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1/32 1/16 1/8 1/4 1/2 10−1

100 101 102 103 104 105

Radius as Ratio of the Smallest Bound

RunTime(sec)

FFT Integration

(a)MPAS dataset at2562.

1/32 1/16 1/8 1/4 1/2

10−1 100 101 102 103 104 105

Radius as Ratio of the Smallest Bound

RunTime(sec)

FFT Integration

(b)Asteroid dataset at 64x64x32.

1/32 1/16 1/8 1/4 1/2

10−1 100 101 102 103 104 105

Radius as Ratio of the Smallest Bound

RunTime(sec)

FFT Integration

(c)Cosmology dataset at 64x64x32.

Figure 9:Performance in seconds for varying the radius parameter using the three datasets from Section6.1with order 2.

1 2 4 8 16 32 64 128 256 512 1024 100

101 102 103 104 105 106

# MPI Rank

RunTime(sec)

FFT Integration

(a)MPAS dataset2562-81922.

1 2 4 8 16 32 64 128 256 512 1024 100

101 102 103 104 105 106

# MPI Rank

RunTime(sec)

FFT Integration

(b)Asteroid dataset 64x64x32-5123.

1 2 4 8 16 32 64 128 256 512 1024 100

101 102 103 104 105 106

# MPI Rank

RunTime(sec)

FFT Integration

(c)Cosmology dataset 64x64x32-5123. Figure 10:Performance in seconds for weak scaling using the three datasets from Section6.1with order 2 and constant radius.

long time or are CPU bound. In the case of strong scaling, linear scaling is achieved if the speedup factor is equal to the number of processors used.

For both scaling studies, the experiments are run on numbers of MPI ranks from 1 to 1024. All three datasets, MPAS-Ocean, asteroid, and cosmology, are run with the order parameter set to 2 and the radius parameter set to a representative value. The spacing is also kept constant in order to have a constant kernel size. The weak scaling for cosmology and asteroid uses the dataset that is a resampled resolution of 64x64x32 all the way up to a resampled resolution of 5123. The weak scaling for the MPAS-Ocean uses the dataset that is a resampled resolution of 2562up to 81922. The strong scaling for cosmology and asteroid uses the dataset that is a resampled resolution of 1283. The strong scaling for MPAS-Ocean uses the dataset that is a resampled resolution of 10242.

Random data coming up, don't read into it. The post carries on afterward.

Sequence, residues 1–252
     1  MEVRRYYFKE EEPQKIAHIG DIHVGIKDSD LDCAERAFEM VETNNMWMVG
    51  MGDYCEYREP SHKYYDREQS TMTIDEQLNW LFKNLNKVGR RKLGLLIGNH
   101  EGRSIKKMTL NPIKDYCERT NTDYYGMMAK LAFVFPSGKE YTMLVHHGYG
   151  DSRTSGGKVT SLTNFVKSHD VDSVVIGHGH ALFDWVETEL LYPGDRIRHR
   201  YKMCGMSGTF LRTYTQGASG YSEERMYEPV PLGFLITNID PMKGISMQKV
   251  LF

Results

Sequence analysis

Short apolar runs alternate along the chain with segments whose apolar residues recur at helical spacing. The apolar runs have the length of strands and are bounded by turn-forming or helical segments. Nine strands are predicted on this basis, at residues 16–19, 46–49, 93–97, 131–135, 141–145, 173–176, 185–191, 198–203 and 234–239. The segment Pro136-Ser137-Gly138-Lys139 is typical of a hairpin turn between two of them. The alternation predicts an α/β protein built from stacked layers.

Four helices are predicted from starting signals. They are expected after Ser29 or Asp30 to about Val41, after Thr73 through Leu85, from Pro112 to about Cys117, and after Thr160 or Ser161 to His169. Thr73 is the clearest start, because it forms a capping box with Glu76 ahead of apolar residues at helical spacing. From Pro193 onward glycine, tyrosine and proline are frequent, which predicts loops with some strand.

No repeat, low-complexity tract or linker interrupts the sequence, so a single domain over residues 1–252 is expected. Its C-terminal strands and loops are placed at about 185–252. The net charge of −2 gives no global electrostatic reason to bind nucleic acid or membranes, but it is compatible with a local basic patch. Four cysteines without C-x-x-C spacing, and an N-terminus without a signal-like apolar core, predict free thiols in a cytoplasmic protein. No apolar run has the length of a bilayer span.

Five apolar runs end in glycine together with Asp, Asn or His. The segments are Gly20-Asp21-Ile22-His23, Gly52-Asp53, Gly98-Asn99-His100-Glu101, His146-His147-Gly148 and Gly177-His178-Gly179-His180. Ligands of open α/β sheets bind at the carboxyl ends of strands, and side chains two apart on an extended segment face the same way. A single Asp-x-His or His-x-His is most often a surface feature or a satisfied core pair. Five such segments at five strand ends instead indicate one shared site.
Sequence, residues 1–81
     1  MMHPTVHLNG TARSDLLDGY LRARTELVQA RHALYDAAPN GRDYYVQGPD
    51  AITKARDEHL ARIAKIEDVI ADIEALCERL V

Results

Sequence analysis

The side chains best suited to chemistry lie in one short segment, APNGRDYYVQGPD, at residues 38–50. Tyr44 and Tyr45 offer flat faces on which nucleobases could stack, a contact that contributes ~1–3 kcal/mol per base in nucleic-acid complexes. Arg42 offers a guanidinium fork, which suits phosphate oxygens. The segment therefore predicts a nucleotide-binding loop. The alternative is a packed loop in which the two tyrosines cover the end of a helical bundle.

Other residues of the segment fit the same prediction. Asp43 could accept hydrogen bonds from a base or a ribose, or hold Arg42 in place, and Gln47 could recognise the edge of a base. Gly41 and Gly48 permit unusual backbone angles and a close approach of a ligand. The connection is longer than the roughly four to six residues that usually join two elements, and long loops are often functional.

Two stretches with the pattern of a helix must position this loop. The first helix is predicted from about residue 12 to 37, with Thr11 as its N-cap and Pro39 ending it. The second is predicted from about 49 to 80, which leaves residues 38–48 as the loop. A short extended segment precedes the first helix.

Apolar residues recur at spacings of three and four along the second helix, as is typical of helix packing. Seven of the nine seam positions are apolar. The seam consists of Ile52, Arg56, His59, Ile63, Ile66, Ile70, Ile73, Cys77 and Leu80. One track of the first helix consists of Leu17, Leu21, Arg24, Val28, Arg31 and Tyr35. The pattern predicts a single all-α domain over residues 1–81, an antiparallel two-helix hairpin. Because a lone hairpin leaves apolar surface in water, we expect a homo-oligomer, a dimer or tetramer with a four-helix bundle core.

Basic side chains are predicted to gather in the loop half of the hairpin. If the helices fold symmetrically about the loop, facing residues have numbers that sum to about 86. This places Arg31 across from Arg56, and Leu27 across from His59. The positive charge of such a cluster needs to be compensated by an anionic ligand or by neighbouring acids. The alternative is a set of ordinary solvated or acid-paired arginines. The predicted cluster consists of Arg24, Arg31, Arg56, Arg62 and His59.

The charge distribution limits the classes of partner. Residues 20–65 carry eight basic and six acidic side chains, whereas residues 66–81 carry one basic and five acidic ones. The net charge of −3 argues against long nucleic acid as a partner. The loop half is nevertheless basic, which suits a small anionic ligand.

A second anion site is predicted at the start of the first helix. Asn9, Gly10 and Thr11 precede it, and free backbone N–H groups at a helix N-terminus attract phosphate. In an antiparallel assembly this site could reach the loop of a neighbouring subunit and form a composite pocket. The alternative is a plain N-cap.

Looking at the weak scaling experiment in Figure10, we see that the run time of the integration approach increases exponentially whereas the run time of the FFT approach demonstrates better scal- ability with overall lower values and a moderately slower rate of increase. On top of that, the larger configuration runs for the integra- tion approach of moments computation did not finish running even given a job wall time of 24 hours with all the datasets. Therefore, the FFT approach, choosing realistic parameter combinations, offers the ability to run in a more reasonable time given the necessary number of ranks than the integration approach. Notice that the run time for the FFT approach increases over time, but with a certain wave-like behavior. This behavior is because the algorithm of the FFT ap- proach is very dependent on the geometry of the input dataset and the processors’ grid. In particular, the FFT approach prefers square datasets in two dimensions or cube datasets in three dimensions.